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NPA welcomes report showing significant decline in sales of antibiotics for pigs

17th Nov 2016 / By Alistair Driver

The National Pig Association (NPA) has welcomed encouraging new data confirming a significant reduction in sales of antibiotics for use on pig farms.

NPA logoThe Government has today published the latest UK-VARSS (Veterinary Antibiotic Resistance and Sales Surveillance) report revealing antibiotic sales data for 2015.

It shows the livestock sector is well on course to reach its overall target set for 2018.

The headline figure is an overall 9 per cent reduction, to 404 tonnes, in sales of antibiotics sold for use in animals, including companion animals, compared with 2014. This represents a four-year low.

The figures show the pig sector played a major part in bringing about that overall reduction.

Sales of products licensed for both pigs and poultry were down 23 tonnes to 212 tonnes, a 10 per cent drop.

Sales of products licensed for pigs only were down an even more impressive 24 per cent, a 16 tonne reduction to 50 tonnes, the biggest fall across all the sectors.

Overall sales for antibiotic use in food-producing animals dropped 10 per cent from 62 milligrams per kilogram (mg/kg) to 56mg/kg. This continues a ten-year downward trend and puts the UK on track to reach its 50mg/kg target by 2018. Sector specific targets are due to be agreed next year.

The VARSS report also showed a drop in sales of the highest priority antibiotics that are critically important for humans. Sales of these made up just over 1 per cent of all antibiotics sold for use in animals in 2015.

You can now view the 2015 VARSS report and a shorter summary here  


ZoeNPA chief executive Dr Zoe Davies said: “We are encouraged by these figures, which show the pig sector is pulling its weight and is taking the challenge of reducing and refining antibiotic usage seriously.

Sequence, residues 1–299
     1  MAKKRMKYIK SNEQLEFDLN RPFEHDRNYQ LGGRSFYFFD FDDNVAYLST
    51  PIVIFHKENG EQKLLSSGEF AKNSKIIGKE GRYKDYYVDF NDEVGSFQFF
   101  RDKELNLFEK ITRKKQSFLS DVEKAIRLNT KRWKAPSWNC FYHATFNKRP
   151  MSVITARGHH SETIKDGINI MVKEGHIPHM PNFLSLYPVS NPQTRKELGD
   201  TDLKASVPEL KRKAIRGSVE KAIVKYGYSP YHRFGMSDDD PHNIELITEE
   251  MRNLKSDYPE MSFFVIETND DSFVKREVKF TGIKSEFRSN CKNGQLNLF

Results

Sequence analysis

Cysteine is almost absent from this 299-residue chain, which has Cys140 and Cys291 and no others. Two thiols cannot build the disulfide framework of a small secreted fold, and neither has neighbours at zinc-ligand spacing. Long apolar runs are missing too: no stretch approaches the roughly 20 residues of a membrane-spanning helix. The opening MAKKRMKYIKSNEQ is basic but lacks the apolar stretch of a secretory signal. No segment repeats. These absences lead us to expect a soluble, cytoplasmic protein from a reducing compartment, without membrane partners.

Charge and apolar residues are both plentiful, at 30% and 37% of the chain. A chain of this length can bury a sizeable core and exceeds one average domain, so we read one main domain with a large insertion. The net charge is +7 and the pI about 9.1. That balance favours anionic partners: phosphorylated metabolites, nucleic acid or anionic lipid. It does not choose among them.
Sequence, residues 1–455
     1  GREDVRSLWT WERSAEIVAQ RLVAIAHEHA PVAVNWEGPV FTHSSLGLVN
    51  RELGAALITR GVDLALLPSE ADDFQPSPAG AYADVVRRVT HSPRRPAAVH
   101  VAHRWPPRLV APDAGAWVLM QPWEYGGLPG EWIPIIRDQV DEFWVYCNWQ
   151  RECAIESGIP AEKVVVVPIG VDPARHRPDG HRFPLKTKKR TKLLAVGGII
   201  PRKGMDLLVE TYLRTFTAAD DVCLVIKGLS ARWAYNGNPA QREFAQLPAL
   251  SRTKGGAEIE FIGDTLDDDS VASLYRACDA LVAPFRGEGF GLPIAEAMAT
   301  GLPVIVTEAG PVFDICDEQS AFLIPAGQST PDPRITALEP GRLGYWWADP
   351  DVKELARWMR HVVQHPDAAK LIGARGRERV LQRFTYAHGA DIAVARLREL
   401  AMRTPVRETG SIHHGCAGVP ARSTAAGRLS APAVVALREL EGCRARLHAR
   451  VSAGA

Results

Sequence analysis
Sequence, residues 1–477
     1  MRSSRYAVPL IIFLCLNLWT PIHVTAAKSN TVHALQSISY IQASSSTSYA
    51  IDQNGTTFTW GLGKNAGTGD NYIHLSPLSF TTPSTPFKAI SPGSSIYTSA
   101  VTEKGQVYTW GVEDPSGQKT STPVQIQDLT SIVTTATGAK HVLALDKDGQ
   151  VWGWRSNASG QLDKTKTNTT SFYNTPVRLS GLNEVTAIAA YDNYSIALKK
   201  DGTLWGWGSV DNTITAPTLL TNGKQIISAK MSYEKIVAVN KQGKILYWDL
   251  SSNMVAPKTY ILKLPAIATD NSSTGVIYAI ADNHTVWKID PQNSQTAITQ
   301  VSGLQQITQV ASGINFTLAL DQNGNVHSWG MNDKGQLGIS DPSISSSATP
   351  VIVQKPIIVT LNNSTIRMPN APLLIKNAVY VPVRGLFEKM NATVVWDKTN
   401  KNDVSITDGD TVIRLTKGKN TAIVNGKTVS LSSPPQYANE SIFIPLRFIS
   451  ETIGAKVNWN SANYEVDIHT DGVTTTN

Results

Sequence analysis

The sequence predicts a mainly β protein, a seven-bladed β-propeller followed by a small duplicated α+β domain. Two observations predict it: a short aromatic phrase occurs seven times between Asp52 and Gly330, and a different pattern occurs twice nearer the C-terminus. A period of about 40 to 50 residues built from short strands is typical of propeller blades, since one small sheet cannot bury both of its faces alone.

“We fully expect to see further reductions in 2016 and are committed to meeting the challenge of new targets that come our way. We will continue to press for these to be workable and proportionate.”

“Meanwhile, we will continue to push forward the key principles of our Antibiotic Stewardship Programme to drive further change.”

The report contained more good news for the pig industry. It highlighted the work the pig industry is doing to collect on-farm usage data via the electronic eMB-Pigs database.

NPA senior policy advisor Dr Georgina Crayford reiterated the need for any farmers who have not yet done so to upload their data.

“Sales data can only tell us so much. Entering data onto eMB-Pigs is necessary to give us a more detailed understanding of the volume of antibiotics used on farm and how they are used. This, in turn, will help us agree reasonable reduction targets next year.”

The VARSS report also showed the results of research on resistance in E. coli isolated from pigs in 2015.

Not a major concern 

The NPA has some concern about the findings of ESBL-producing E.coli. But Dr Crayford added: “We are comforted by the fact that ESBL genes found in E.coli from animals have in the past been different to the genes found in ESBL E.coli in human clinical cases, highlighting that the transfer of resistance from animals to humans is not a major concern.”

“We are equally encouraged to see little to no resistance to 3rd and 4th generation cephalosporins and fluoroquinolones, critically important classes of antibiotics for human health, in Salmonella isolated from pigs.”

Dr Crayford said the VARSS report highlighted progress being made in reducing antibiotic use on pig farms but also contained pointers for the future.

“When it comes to setting further targets for the pig sector it is important to note that, while we’re committed to using antibiotics responsibly, reductions in antibiotic use will not necessarily result in a reduction in bacterial resistance. The key is to ensure that further development of antimicrobial resistance (AMR) does not happen.

“We must also ensure that, as we take further steps taken to reduce antibiotic usage, we do not compromise the health and welfare of our livestock.”